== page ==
Rural Missouri - July 2013 - (Page 26)

On the banks of Bull Shoals For 61 years, the Cook family has welcomed guests to Theodosia Marina-Resort Above: Anglers and vacationers have been coming to the Theodosia Marina-Resort on Bull Shoals Lake for 61 years, making it one of Ozark County’s most popular destinations. Right: In 1953, family patriarch L.B. Cook was just getting started with what he hoped would be a successful fishing camp. the Cook family later, the Theodosia Marina-Resort now stands as a testament to L.B.’s vision for tourism in rural Missouri, providing anglers and vacationers with a place to stay and play while visiting one of the state’s most beautiful lakes. ycamores sway as a light breeze gently coaxes cotton-candy clouds across a cerulean sky above Bull Shoals Lake, just a stone’s throw from the Arkansas line. The early years Below the Highway 160 bridge, swalAs L.B. and Bill came bouncing into lows dive and skim the water, banking Ozark County in that old DeSoto in sharply to avoid the anglers return1952, the new lake hadn’t yet filled. ing from their morning exploits. As The oil-and-chip rural highway the fishermen tie up at the marina and break led to a new bridge that wasn’t for lunch, a family pulls yet complete, its concrete piers awkwardly jutting above away on a pontoon boat, everything in the valley. ready for an afternoon of And Theodosia? It fun on the water. didn’t exist either. It’s warm on this June Theodosia “The town on top of day in Ozark County, but • the hill was called Lutie not nearly as hot as it was back in those days. Theoon June 14, 1952, when Bill dosia was the site for the Cook first gazed upon this valley. marina, but the original town of TheHe was just 11 years old then, riding odosia got flooded out by the lake,” shotgun with his father, L.B. Cook, in says Bill, a board member for White a blue 1948 DeSoto four-door sedan. River Valley Electric Cooperative. “It just can’t be possible that it’s “It was hard advertising a place that been 61 years, but here we are,” says wasn’t on the map, so Dad and othBill as he sits on a deck overlooking ers got busy in the 1960s and got the the lake. “I had no idea what we were name changed.” getting into. I think Dad thought he The Cook’s contract with the Corps knew, but he didn’t.” of Engineers — which L.B. won with a Originally from Joplin, the Cook bid of $2,700 and a 10 percent cut of family operated a dry goods store on gross annual receipts — required him the corner of 15th and Main for more to build a restaurant, a motel and a than 50 years. The store had been a boat dock. The only amenity provided dream for Bill’s grandfather — but not by the Corps was one-seat pit toilet. his father. An avid outdoorsman, L.B. President Truman delivered the dreamed of owning and operating a keynote address for the dedication of fishing camp. So in 1950, he rolled Bull Shoals Dam two-and-a-half weeks the dice and bid on a concessionaire after L.B. and Bill arrived. For the first contract with the U.S. Army Corps of three months, father and son camped Engineers, which was in the process of out under those swaying sycamore constructing the dam to create a new trees as they worked to build the first reservoir along the White River — dock, which they constructed from Bulls Shoals. He won. full 2-inch-thick native oak timber Six decades and five generations of 26 photo courtesy of Theodosia Marina-Resort S by Jason Jenkins and floated on steel drums. “We finished up the office dock in about September,” says Bill, recalling that by fall, his mother and sister moved from Joplin to Lutie where the family rented a house. “We ordered a dozen Lone Star boats from Texas and Johnson outboard motors from Waukegan, Ill., and away we went.” While the venture seemed to have an auspicious start, the Cooks were dealt several blows in quick succession. No sooner had the lake filled the cove in the spring of 1953 than the water started receding as a lengthy drought gripped the Midwest. “The lake literally dried up, and there we were, our docks sitting on the bottom,” Bill says. “Finances got so bad, we had to move out of the house in Lutie and move into the 10-unit motel we built. We just couldn’t make the rent.” Lake levels continued to drop through 1954, and the Cooks did their best to chase the water and customers downstream, but both were hard to find. Mother Nature finally turned WWW.RURALMISSOURI.COOP the tap back on in the spring of 1955, and through the summer of 1956, both fishing and business were phenomenal. Then, around Labor Day that year, the motel caught fire and burned to the ground. The Cooks rebuilt, only to have torrential rains fall throughout 1957 and cause Bull Shoals to reach maximum flood pool. “So in the first five years, we had a drought, a flood and our first motel burned to the ground,” says Bill, shaking his head in disbelief. “How dumb we were to stay.” Beyond L.B.’s fishing camp In the early years, L.B. operated the little fishing camp of which he always dreamed. Most of the customers were men who came specifically to fish, especially for the largemouth and smallmouth bass for which Bull Shoals was gaining notoriety. The anglers didn’t ask for much: food, lodging and a boat. “At one time, we had 75 rental boats, and on the weekends, we’d rent them all,” recalls Bill, who along with http://WWW.RURALMISSOURI.COOP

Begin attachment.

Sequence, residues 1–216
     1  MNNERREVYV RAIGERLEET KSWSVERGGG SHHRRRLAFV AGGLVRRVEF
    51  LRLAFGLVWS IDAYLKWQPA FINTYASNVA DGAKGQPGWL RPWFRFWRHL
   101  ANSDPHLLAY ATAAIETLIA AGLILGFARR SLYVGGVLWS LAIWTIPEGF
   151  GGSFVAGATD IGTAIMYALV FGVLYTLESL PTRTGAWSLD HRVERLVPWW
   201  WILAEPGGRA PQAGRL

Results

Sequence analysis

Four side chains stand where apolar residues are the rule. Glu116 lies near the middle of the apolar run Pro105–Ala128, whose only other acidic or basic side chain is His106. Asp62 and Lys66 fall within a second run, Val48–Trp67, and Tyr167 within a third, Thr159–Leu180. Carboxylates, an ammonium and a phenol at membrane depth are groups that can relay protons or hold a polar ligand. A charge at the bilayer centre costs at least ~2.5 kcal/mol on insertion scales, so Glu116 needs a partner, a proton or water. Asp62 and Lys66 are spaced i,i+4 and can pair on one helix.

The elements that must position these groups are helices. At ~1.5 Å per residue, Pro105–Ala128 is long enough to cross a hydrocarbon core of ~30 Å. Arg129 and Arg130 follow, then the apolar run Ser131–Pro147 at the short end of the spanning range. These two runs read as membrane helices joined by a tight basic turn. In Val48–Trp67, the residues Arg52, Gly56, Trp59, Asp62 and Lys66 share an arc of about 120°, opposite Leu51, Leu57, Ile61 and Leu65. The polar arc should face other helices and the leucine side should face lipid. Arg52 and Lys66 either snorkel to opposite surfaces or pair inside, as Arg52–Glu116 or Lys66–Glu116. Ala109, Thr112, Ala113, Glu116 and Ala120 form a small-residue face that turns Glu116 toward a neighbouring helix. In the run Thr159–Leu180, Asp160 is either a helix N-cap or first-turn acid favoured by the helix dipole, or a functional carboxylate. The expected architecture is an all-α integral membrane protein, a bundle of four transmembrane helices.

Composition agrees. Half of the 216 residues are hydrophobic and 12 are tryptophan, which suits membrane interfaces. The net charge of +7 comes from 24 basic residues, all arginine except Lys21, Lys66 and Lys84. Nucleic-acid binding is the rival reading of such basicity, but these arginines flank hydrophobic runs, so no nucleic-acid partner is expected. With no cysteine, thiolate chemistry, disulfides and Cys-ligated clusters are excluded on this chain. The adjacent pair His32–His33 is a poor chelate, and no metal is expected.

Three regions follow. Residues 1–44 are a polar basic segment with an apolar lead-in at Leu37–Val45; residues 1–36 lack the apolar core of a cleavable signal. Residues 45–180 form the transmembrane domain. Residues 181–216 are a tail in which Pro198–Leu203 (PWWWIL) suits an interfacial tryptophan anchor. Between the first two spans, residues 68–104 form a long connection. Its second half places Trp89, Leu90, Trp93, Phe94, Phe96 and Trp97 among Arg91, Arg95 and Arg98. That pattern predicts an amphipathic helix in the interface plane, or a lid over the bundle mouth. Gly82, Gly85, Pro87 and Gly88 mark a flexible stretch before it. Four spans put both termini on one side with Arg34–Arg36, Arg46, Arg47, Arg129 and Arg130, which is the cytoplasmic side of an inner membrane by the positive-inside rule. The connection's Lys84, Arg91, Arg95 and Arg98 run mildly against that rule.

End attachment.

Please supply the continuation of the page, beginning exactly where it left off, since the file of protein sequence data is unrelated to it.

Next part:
Table of Contents for the Digital Edition of Rural Missouri - July 2013

Rural Missouri - July 2013
That old-time religion
Natural nest
Long-distance lead
Out of the Way Eats
Hearth and Home
Keep it cool
On the banks of Bull Shoals
Retro renovations
Infamous ancestry
Around Missouri

Rural Missouri - July 2013